Rotimi Martins a.k.a Alariwo of Africa/ cross-over king, a musician, broadcaster, master of ceremonies and comedian has contributed positively in his own little way to the Nigerian music scene. In this interview with Sandra-Izuu Okafor, he spoke about his soon-to-be-released album.
You are from the Ibo speaking part of Delta State, how come the name Rotimi?
My father was a very lively Lagos socialite and he gave everybody a Yoruba name. He gave my younger brother Ajayi, my elder bother Tunde and he named me Martins Jr and I said why, me I no get Yoruba name? Right from the time I was young, I used to love one man called Rotimi Williams and I said daddy henceforth my names are Rotimi Ndidi Etumudon Martins, it got stuck and they started calling me Rotimi and I love it. That can even give me the opportunity of being a politician in Lagos State because Lagosians are always answering English names.
How long have you been singing?
Professionally since 1987, but I took it as a career in 1998. Let’s just say approximately 10 years ago.
Music as your choice of career, how did your parents take it initially?
Obviously, no parent will encourage their children to go into music. My father never wanted me to do music but my mother was always praying and encouraging me, hoping that it’s going to be okay.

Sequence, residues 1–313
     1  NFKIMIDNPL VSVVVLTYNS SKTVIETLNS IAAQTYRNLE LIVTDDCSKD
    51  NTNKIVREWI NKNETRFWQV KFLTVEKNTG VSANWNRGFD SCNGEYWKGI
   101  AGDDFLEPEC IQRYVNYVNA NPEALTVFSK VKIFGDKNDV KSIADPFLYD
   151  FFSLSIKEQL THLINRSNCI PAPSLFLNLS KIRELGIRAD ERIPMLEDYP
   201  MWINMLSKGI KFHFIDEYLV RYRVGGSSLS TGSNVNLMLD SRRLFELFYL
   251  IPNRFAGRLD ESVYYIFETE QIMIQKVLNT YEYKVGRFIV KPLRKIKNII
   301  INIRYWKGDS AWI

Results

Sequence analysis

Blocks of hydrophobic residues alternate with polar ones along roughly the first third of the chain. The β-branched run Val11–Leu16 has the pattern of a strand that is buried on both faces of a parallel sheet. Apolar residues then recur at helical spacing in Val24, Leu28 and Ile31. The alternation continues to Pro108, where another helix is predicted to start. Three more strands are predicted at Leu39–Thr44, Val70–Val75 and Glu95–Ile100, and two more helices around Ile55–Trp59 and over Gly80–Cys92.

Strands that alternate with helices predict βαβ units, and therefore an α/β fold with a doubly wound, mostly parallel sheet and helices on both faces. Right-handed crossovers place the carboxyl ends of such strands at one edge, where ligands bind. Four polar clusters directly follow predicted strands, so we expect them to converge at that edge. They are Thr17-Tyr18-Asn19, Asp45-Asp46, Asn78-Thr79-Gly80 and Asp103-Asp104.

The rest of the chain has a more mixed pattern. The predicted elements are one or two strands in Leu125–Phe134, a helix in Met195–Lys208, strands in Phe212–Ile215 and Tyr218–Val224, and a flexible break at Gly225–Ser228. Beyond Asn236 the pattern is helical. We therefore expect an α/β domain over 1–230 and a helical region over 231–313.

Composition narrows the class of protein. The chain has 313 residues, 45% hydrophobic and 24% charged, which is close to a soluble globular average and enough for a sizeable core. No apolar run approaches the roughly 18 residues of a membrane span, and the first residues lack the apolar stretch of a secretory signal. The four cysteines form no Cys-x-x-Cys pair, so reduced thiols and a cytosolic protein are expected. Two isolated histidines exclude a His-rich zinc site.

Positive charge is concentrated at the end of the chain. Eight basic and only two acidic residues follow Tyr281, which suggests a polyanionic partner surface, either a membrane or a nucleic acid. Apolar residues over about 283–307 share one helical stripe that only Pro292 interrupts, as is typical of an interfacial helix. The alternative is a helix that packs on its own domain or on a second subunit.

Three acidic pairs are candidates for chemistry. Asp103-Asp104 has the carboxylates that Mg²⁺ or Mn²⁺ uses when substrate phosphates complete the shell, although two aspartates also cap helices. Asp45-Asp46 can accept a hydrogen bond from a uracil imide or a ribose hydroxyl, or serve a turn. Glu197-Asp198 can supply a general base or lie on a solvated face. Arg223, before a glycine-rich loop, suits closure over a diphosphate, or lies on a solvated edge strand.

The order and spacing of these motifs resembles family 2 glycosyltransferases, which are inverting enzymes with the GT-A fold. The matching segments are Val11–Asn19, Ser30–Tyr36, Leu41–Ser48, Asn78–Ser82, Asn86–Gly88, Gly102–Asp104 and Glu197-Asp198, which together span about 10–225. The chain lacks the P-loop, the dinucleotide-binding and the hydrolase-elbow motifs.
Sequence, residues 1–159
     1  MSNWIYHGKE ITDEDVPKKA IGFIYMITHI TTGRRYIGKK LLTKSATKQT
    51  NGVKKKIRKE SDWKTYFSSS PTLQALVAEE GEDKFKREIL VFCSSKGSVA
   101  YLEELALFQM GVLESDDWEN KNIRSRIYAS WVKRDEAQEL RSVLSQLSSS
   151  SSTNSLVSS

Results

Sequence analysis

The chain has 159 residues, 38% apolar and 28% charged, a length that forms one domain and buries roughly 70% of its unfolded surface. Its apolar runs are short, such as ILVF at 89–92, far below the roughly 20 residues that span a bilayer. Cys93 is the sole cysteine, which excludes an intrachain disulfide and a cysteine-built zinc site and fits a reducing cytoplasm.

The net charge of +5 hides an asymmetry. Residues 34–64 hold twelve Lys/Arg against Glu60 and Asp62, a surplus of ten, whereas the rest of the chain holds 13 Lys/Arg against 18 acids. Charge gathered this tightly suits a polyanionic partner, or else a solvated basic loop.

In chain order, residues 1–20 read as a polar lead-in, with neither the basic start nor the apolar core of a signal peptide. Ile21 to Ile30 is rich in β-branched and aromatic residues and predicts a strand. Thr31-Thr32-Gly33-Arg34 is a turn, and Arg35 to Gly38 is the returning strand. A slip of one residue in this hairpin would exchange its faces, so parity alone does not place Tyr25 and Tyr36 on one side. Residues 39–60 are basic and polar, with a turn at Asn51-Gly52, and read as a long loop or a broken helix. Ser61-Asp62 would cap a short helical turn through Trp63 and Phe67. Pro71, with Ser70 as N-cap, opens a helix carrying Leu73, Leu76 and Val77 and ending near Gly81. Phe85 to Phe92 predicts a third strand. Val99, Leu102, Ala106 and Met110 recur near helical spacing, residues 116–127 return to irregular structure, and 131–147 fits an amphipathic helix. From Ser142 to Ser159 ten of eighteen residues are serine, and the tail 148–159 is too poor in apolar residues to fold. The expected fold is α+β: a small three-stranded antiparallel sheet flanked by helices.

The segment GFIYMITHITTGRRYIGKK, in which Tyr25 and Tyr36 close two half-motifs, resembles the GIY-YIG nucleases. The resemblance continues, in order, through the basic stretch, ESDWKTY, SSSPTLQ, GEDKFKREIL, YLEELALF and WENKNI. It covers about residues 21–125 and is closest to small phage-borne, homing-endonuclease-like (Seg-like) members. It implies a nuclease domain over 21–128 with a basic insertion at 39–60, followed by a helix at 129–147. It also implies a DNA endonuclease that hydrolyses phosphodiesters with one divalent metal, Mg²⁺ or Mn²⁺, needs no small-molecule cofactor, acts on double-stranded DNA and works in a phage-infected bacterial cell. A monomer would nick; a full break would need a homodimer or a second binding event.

What is your brand of music?
I play music. Music is music, but if you start talking about brands, I’ll say I play cross-over music because in my kind of songs, you’ll hear Highlife, Afro-beat, you’ll hear different kinds of music. So, I address my kind of music as cross-over music.
What is the style of music that makes yours different from others?
My style is different in the sense that I combine different brands of music into one album. Some people have an identity. Previously, people used to say that I sing afro-beat and the next thing they hear another song and the song sounds like reggae, the next they hear another song and it sounds like highlife and they are like ‘wow,’ what kind of music is he playing? That’s why most people just say OK, he’s really the cross-over king.
More and more young people are coming into the music industry, do you think the terrain will soon be saturated or is already saturated?
It can never be! You know, it’s a free world. You want to do it, if you are talented, do it. If you want to do it because you think you want to make money because Alariwo or D’banj or Tu Face is making money, try it and let’s see. If you are not talented, you can’t make it. It’s a free world! You can’t stop anybody from what he or she wants to do. Some people have the love for it, some people do it as a hobby, some people want to use it to make a name and use it as a disguise in doing other things. So anybody that wants to experiment should go ahead.
Do you think the Nigerian youth have the adequate opportunity to be who they want to be?
If they want to be who they want to be, they will be who they want to be. If they want to be who they want to be and pretending not to be who they want to be, then that’s the way they want it.